In response to Defendant's Motion for Summary Judgment, Plaintiff disputed whether the “common areas” are parks or playgrounds within the meaning of OSORA. Plaintiff's Response to Motion for Summary Judgment [Doc. No. 32]. Plaintiff contested the application of the residency restrictions based on those “common areas.” He asserted that, given this unresolved matter of statutory interpretation, a question of law precluded summary judgment in favor of Oklahoma City. Id. at 1.

         On May 17, 2019, the Court determined that Oklahoma City failed to provide any evidence that the “common areas” were “established, operated or supported in whole or in part by a homeowner's association, ” nor that they had been “specifically designated as being used for recreational purposes, ” as required by OSORA.[2] Order [Doc. No. 34] at 6- 9 (citing Okla. Stat. tit. 57, § 590(A); Okla. Stat. tit. 21, § 1125). Oklahoma City did not establish that it was entitled to judgment as a matter of law. Based on the lack of evidence supporting the application of the residency restrictions, the Court directed all Defendants to show cause why summary judgment should not be granted to Plaintiff. Order [Doc. No. 34] at 9-10, 11.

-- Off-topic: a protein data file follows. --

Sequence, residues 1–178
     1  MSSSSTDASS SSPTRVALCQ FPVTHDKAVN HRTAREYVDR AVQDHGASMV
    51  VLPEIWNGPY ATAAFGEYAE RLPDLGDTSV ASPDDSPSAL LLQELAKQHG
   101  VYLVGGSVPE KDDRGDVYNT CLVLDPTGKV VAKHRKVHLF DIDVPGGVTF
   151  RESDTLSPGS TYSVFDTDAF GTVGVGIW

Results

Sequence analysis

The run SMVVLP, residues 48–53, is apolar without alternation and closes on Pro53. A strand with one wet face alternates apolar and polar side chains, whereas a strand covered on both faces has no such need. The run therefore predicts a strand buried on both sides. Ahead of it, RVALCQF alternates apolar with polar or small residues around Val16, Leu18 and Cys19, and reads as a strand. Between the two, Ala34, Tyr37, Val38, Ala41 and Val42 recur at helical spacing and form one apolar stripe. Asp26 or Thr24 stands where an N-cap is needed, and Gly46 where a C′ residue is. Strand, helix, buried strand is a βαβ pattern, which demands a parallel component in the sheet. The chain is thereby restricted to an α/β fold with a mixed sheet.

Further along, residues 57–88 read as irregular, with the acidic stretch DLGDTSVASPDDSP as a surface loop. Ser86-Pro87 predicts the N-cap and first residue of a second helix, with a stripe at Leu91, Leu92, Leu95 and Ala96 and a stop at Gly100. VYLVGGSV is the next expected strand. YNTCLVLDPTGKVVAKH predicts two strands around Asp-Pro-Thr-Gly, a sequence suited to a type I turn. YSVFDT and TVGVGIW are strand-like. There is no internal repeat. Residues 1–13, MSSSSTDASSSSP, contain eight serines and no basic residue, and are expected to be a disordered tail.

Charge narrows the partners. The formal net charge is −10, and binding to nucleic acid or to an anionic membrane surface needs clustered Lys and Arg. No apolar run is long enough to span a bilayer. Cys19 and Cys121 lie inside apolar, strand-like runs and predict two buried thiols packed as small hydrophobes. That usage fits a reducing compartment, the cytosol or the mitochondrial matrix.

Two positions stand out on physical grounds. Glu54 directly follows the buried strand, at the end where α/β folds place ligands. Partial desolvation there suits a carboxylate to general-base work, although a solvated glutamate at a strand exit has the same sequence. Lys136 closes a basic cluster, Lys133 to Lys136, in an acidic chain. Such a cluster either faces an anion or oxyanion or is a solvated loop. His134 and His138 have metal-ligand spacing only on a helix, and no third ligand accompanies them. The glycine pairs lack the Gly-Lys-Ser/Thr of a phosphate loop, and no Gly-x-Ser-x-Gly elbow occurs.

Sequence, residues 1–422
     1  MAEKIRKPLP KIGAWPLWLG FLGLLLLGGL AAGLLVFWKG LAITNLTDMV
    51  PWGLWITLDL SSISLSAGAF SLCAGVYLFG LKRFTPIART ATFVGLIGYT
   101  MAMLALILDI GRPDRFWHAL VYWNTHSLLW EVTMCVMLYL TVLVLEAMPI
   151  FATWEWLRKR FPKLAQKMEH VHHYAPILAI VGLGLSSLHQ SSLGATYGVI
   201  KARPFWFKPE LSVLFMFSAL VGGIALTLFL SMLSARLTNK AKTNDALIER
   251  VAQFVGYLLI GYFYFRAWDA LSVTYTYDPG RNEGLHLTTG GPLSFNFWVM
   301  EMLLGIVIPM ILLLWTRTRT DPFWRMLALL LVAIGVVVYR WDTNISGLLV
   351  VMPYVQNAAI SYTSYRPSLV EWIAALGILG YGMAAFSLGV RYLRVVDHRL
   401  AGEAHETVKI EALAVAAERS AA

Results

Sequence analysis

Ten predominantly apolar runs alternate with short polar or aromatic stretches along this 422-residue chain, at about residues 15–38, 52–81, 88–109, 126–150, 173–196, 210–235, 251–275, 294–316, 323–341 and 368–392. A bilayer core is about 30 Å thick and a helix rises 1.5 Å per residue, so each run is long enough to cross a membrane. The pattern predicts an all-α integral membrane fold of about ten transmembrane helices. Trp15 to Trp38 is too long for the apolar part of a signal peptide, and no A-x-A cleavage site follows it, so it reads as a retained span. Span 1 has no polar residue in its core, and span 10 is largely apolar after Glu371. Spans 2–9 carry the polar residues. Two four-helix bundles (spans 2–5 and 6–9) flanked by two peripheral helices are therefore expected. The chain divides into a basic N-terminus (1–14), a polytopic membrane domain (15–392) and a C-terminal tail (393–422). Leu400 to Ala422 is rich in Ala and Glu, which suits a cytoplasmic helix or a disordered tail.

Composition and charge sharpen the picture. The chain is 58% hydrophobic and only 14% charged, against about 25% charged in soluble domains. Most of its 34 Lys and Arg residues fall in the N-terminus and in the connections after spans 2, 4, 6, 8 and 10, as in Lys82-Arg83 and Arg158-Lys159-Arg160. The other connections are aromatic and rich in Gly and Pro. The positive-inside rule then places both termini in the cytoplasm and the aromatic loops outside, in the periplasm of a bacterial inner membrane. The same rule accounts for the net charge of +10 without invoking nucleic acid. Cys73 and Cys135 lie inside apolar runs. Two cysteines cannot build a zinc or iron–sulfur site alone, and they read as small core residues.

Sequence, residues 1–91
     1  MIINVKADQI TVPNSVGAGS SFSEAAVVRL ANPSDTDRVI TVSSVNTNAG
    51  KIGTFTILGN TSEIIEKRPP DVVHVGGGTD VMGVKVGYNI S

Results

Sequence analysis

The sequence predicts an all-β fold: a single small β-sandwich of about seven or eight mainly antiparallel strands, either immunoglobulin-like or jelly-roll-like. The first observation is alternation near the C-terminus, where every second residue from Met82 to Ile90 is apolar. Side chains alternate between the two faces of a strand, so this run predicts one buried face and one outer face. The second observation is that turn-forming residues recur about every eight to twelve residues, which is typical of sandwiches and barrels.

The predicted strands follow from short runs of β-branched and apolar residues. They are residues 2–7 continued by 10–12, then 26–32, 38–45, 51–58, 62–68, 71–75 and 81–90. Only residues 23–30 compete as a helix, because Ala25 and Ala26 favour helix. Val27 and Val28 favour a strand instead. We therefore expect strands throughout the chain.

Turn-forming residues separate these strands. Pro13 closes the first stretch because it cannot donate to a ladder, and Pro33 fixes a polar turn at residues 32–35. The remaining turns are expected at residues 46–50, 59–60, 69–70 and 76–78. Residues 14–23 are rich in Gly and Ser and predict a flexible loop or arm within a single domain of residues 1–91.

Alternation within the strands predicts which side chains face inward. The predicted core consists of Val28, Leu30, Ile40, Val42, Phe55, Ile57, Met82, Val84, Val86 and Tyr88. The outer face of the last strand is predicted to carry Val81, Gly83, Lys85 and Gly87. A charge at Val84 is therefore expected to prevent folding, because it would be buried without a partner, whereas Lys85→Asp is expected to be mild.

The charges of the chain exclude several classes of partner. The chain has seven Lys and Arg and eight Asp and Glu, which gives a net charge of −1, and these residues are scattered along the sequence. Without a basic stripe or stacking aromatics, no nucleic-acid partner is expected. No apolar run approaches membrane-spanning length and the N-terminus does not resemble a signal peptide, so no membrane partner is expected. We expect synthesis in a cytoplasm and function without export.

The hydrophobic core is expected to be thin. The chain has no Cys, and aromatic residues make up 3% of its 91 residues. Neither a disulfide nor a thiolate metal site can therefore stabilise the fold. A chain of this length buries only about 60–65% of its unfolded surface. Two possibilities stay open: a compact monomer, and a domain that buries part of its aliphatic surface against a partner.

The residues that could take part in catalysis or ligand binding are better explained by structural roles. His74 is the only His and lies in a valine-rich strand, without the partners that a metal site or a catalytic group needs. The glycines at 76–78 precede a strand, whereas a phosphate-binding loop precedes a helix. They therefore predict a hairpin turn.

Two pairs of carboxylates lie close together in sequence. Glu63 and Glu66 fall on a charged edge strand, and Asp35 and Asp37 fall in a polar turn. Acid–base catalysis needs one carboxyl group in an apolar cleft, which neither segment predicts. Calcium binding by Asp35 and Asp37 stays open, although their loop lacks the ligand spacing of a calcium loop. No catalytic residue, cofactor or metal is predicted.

Defendants collectively filed a Joint Brief in Opposition of Granting Plaintiff Summary Judgment. [Doc. No. 39]. The Joint Opposition asserts that a question of material fact remains, as the “question of how the subject common areas have been specifically designated or provided must be answered.” Joint Opposition at 4. Plaintiff did not respond to Defendants' Joint Opposition. Because the Court directed Defendants to show cause why summary judgment for Plaintiff should not be granted, Plaintiff is free to rest on the insufficiency of Defendants' filing.